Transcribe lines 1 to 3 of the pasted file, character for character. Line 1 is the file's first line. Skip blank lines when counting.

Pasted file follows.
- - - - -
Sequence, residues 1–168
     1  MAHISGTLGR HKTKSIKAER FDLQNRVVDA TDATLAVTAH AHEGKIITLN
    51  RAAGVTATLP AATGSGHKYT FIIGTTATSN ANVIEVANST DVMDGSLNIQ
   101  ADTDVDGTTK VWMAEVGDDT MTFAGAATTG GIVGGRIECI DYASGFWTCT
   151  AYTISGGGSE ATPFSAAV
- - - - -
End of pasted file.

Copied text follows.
Sequence, residues 1–168
     1  MAHISGTLGR HKTKSIKAER FDLQNRVVDA TDATLAVTAH AHEGKIITLN
    51  RAAGVTATLP AATGSGHKYT FIIGTTATSN ANVIEVANST DVMDGSLNIQ